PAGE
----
What types of ethics and compliance training are there?

Isn’t it always best to teach people face-to-face?

Ethics and compliance training basically divides into:

Face-to-face training to individuals and small groups

Online training/elearning for larger groups or the whole company

It is important to recognise that both have a place within a company’s ethics and compliance programme.

We never say that one is better than the other – they actually complement each other. However, there are distinguishing features.

Face-to-face ethics and compliance training

is good for

The Board of Directors and senior management (who often consider online training beneath them, rarely get around to logging on for online training or just get their secretary to do it for them)

People who are at particular risk in a given area – such as the procurement team who may be exposed to bribery, the sales team who may be tempted to discuss prices with the competition

Making sure that a subject is well understood by allowing for questions and exchanges of views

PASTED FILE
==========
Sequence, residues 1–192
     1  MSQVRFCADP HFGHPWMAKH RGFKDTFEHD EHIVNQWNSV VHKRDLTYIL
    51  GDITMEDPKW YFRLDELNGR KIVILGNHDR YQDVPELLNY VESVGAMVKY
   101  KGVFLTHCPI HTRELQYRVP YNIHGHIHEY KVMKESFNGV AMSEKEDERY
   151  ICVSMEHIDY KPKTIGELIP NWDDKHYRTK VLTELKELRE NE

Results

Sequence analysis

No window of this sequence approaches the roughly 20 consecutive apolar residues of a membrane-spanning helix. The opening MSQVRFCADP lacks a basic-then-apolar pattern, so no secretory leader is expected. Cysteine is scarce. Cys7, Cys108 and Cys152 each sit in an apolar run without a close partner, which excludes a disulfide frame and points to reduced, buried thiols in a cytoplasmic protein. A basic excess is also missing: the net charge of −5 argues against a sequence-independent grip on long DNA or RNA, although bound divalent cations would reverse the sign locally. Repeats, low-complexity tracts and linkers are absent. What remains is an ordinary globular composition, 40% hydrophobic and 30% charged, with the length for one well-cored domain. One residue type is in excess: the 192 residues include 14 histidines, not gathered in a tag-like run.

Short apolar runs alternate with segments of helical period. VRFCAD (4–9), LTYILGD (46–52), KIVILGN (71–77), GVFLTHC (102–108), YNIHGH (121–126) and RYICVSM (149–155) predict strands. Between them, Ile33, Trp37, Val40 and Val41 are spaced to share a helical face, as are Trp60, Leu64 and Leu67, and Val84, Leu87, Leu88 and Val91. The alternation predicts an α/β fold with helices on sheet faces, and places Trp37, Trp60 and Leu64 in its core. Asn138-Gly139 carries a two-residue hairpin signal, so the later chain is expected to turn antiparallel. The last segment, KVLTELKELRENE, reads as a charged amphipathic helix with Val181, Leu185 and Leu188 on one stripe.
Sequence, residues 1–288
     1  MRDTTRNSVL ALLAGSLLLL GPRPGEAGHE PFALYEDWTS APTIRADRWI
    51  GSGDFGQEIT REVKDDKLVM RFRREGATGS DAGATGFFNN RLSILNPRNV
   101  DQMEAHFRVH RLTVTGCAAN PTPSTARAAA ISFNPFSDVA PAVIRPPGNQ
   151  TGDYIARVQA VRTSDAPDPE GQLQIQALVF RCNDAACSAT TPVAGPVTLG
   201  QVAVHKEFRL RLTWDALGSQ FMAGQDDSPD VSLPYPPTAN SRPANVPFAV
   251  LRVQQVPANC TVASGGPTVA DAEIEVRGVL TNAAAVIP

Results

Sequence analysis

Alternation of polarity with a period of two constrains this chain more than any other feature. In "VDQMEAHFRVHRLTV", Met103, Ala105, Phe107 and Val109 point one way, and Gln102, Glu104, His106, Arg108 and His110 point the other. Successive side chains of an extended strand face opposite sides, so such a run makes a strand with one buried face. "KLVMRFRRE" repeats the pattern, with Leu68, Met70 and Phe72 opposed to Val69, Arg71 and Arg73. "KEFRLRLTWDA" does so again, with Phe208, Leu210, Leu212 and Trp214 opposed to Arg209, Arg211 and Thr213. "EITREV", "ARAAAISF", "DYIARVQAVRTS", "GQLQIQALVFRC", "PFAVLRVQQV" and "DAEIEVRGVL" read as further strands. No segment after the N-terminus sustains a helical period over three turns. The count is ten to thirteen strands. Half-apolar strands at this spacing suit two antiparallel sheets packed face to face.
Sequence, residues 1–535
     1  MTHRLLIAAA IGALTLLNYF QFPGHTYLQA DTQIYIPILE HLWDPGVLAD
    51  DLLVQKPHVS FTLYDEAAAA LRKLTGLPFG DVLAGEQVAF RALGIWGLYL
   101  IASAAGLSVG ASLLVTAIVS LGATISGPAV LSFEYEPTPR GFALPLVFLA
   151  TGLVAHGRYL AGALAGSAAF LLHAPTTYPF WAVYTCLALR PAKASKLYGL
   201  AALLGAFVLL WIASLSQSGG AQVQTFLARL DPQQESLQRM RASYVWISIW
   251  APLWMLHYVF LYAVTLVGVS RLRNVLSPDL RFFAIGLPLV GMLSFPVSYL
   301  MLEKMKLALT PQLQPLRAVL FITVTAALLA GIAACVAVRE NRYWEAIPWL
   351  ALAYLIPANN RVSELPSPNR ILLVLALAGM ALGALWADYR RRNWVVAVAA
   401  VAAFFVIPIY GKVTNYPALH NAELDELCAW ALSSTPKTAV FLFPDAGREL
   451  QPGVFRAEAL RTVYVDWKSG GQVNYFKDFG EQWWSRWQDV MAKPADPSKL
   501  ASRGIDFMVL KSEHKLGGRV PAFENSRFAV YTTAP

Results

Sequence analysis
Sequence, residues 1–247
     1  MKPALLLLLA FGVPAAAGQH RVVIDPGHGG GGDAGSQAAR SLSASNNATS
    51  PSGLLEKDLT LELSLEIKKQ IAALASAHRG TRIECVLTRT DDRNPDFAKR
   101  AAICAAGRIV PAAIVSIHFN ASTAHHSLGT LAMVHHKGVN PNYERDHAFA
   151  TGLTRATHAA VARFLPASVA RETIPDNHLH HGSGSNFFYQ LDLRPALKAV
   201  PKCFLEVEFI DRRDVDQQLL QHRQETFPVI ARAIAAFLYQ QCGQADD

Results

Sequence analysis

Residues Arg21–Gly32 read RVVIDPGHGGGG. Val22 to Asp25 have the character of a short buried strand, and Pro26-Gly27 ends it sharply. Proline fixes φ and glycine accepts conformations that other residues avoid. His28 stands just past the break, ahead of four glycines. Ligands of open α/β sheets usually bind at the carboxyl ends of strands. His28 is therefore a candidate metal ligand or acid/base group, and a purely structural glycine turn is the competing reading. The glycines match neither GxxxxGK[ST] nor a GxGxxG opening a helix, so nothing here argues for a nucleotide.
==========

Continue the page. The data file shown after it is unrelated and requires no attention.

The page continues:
There is always a place for face-to-face training.

Online ethics and compliance training

…is good for

Reaching parts of the business it is difficult for the training people to get to

Saving travel costs

Saving the legal or compliance department’s time – lawyers are usually too busy to spend much time training people

Making sure education about how to behave properly in certain situations gets out to everybody at the same time – quickly and in their own language

Delivering policies – such as a company’s code of conduct, its competition law compliance policy, its anti-corruption policy – either as attachments or through a link to the intranet

Ensuring – through testing – that a basic level of knowledge has been acquired

Driving people to the training through reminder emails

Tracking and monitoring everybody’s attendance – something which is tricky to do with face-to-face training

Obtaining an employee certificate of compliance

Face-to-face training very often follows the roll-out of on-line training, targeting specific groups who are at particular risk and providing a convenient forum for questions and discussion.

Whatever the relative merits of each form of training, there is a place for both.

In my next commentary, we’ll look at who should receive the training and when it should be deployed.